When flown on aircraft, a radar can point in different look directions and angles during successive passes to simulate the necessary parallax conditions for relief displacements across track. Side-looking Airborne Radar (SLAR) observations, looking out from the same side in successive passes, produce effective stereo imagery. An example showing the Appalachian Fold Belt in central Pennsylvania, using a SAR X-band system, demonstrates the quality of radar stereo.
Stereo radar images from space can produce acceptable stereo models using multiple look angle (off-nadir) viewing. Vertical and horizontal resolutions are hard to achieve by optical systems from comparable orbits. We can significantly reduce the vertical exaggeration because of low B/H (base to height ratio) values. The stereo pair below, showing volcanic terrain in Chile, acquired with the SIR-B L-band SAR from two incidence angles (54° and 45°), has moderate exaggeration of a high relief scene.
Multiple incidence angle imagery serves well in preparing perspective views, as demonstrated in this SIR-C oblique rendition of a group of volcanic calderas on two of the Galapagos Islands.
Synthetic Aperture Radar images, generated simultaneously from two antennas on the same platform, have such a small base that they do not, in themselves, function as a stereo pair. But being composed of coherent radiation, signals from each, matched to equivalent pixels in the other, show varying degrees of phase differences, indicative of partial interference. Variations in the signal travel times between two adjacent points induce the interference, and thus, show slightly different heights. When we remove Earth curvature effects and make other adjustments, residual differences become a measure of terrain elevations. SAR Interferometry is a developing technique that you can learn more about by perusing another University of Texas review dealing with this subject. A mathematically-based exposition of interferometric principles is embedded in this JPL site.
The next two paragraphs were extracted verbatim from a CCRS Radarsat web site:
"Interferometric SAR (InSAR) techniques make use of the coherence of the radar signal and the fact that the signal phase is is equal to twice the path length between the sensor and the earth's surface. The phase difference between measurements generated from two SAR images with the sensor separated by a baseline, allows measurement of the slant range difference to fractions of a radar wavelength. The slant range difference can be geometrically related to the terrain height."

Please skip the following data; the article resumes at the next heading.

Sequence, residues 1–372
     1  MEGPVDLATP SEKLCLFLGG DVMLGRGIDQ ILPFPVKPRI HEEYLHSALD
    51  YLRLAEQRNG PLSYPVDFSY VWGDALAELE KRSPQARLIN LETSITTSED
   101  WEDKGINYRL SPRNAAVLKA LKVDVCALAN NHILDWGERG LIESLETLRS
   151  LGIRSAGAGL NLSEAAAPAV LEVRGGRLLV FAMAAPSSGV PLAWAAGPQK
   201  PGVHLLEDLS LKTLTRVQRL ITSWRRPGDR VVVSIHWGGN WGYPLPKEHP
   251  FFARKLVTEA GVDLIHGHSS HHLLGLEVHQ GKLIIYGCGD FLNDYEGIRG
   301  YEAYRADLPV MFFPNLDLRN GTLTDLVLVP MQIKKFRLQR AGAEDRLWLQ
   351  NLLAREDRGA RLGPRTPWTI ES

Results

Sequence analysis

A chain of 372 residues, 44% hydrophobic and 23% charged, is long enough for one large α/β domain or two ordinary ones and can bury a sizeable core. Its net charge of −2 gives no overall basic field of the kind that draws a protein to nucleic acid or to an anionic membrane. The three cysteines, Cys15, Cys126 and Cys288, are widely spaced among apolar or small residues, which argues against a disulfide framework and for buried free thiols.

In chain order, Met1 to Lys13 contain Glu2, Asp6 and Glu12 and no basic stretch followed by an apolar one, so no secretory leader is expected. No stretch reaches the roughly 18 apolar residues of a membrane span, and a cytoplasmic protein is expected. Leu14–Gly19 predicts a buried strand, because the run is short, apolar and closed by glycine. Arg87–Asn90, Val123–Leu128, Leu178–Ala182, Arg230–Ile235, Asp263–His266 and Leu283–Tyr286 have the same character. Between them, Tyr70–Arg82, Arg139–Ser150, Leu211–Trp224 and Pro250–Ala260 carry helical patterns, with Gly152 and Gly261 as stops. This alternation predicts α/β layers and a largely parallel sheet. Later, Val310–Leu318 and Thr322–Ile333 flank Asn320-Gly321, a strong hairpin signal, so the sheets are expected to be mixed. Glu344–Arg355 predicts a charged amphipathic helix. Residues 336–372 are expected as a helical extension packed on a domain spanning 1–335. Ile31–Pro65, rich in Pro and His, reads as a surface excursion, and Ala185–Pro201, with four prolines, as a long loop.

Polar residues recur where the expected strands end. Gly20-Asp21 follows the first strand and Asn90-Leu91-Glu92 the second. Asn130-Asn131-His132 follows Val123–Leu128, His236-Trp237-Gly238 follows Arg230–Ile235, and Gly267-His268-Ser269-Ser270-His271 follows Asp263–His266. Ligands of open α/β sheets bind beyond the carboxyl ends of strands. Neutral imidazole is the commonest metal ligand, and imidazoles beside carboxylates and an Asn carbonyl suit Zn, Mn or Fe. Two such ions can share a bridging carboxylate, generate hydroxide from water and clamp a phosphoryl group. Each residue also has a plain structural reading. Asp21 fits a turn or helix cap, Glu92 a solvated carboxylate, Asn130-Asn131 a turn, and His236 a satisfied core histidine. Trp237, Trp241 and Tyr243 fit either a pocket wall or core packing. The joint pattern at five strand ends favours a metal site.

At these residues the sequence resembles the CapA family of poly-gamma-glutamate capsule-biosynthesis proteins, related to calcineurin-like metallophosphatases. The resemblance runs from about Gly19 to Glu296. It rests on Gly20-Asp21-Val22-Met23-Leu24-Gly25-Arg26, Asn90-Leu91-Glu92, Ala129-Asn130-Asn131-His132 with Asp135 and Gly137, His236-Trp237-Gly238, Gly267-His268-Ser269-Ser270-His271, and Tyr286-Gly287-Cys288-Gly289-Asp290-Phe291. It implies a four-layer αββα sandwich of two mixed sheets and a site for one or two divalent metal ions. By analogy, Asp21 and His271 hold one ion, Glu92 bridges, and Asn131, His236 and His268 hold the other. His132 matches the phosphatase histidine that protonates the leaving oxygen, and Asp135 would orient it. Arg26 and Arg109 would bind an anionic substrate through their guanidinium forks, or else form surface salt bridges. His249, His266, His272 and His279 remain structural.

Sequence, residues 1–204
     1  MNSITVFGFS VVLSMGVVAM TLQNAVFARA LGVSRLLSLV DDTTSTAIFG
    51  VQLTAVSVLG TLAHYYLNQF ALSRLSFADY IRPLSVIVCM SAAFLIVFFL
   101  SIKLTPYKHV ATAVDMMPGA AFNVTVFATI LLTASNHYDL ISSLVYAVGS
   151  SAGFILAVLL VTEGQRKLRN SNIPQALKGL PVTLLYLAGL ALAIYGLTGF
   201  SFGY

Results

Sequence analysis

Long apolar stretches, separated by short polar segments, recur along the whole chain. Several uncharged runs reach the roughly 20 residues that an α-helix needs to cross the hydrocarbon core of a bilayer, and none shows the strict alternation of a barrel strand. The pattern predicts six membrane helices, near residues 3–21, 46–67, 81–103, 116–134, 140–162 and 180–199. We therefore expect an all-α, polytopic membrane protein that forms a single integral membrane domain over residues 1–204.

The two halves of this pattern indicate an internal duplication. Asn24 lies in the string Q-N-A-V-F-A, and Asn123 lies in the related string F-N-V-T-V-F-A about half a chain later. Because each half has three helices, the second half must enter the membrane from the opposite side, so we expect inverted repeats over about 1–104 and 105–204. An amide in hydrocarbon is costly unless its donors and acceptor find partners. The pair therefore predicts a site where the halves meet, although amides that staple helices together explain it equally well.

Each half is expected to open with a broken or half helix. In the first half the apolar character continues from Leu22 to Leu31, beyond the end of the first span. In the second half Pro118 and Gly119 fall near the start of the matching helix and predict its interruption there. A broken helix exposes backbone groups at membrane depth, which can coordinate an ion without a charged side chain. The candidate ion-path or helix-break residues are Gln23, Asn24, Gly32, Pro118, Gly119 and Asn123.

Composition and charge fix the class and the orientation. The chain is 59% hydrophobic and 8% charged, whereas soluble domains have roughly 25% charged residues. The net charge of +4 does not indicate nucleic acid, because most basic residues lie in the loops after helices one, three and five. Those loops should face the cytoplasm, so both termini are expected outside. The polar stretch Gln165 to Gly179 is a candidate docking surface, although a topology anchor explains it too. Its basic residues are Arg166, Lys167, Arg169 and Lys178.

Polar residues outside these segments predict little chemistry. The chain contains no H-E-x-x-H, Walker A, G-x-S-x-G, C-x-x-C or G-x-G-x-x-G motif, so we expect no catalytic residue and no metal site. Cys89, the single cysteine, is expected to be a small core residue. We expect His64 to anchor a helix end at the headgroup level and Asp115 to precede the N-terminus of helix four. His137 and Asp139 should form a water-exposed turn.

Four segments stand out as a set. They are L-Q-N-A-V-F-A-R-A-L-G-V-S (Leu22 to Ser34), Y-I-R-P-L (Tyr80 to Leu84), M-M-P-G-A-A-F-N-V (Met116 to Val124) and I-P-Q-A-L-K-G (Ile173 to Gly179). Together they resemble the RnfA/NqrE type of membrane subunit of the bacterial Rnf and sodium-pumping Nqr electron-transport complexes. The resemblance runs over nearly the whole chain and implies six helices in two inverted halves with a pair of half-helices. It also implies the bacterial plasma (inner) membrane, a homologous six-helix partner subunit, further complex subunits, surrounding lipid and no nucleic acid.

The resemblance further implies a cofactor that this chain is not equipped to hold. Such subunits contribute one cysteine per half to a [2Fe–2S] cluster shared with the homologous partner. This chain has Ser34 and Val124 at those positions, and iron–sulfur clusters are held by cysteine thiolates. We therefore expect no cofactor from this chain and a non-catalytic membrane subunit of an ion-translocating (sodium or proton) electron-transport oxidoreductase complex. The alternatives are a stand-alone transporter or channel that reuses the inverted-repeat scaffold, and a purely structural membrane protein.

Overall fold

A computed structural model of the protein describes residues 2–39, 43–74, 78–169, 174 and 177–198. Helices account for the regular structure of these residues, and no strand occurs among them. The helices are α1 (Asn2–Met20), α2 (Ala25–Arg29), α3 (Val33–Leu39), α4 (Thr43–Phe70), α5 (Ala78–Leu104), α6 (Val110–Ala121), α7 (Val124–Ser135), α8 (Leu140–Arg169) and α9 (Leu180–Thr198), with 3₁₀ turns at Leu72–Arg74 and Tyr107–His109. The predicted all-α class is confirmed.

"There are two basic SAR interferometry methods. In the first, two antennas are placed on the same platform and simultaneously acquire images of the scene from two different angles. The relative phase difference may then be used to construct a digital elevation model. The CCRS airborne SAR was modified to operate in this mode. In the second, a pair of images from the same sensor are taken at different times. This is now a well-proven concept and has been demonstrated with several spaceborne SAR sensors, now including RADARSAT. For this repeat-pass interferometry, the scenes are acquired at different times, so there is a time difference as well as viewing geometry to consider. The passes must have rather similar geometry in order to allow extraction of the relative phase difference. This usually requires that the satellite be on an exact repeat orbit. For RADARSAT, this means that a candidate interferometric image pair is available for a particular site every 24 days. The difference in geometry allows the extraction of topographic information, in the same way as with the single pass airborne system."
These four images, also taken from the CCRS website, show steps involved in producing an interferogram image of part of Bathurst Island in northern Canada. Read the captions for a brief identification of each step:
You can get some idea of these principles from this illustration showing how SIR-C interferometry produced topographic information for this Long Valley, CA test area.
The upper left panel is a Horizontal-Horizontal polarized L-band image, in which many bright-toned patches correspond to hilly rock and dark patches to smooth valley floors. Lake Crowley (dark) is at the lower left. The ridge is part of the Long Valley volcanic caldera (inactive). The upper right panel shows an interferogram derived by combining two L-band images taken in April and October, 1992, respectively. The colors relate to differences in signal phase, caused by elevation differences. In the lower left is a topographic map derived from the interferogram. Its total relief is 1,300 m (4264 ft). The lower right panel presents a 3-D perspective of this map, made by "draping" a C-band image over the L-band topographic data.
Here is another interferogram that shows the color band pattern around the Landers (California) fault line (superimposed). Each color cycle represents a rise in elevation of 2.8 cm.
Radar interferometry using SAR data has been monitoring Yellowstone National Park. The hot region (responsible for the heated geysers) is associated with an underlying caldera - active in the last million years. The region is rising, as shown in the interferograms calculated for the six periods shown:
Radar Interferometry monitors other kinds of natural phenomena involving elevation changes and other aspects of motion. Here is an interferogram for a glacier in the Himalayas:
As with so many other kinds of space images, the combination of a plan view image with elevation data - both acquired by SAR interferometry - permits construction of perspective views. This one shows the Karakax Valley in Nepal: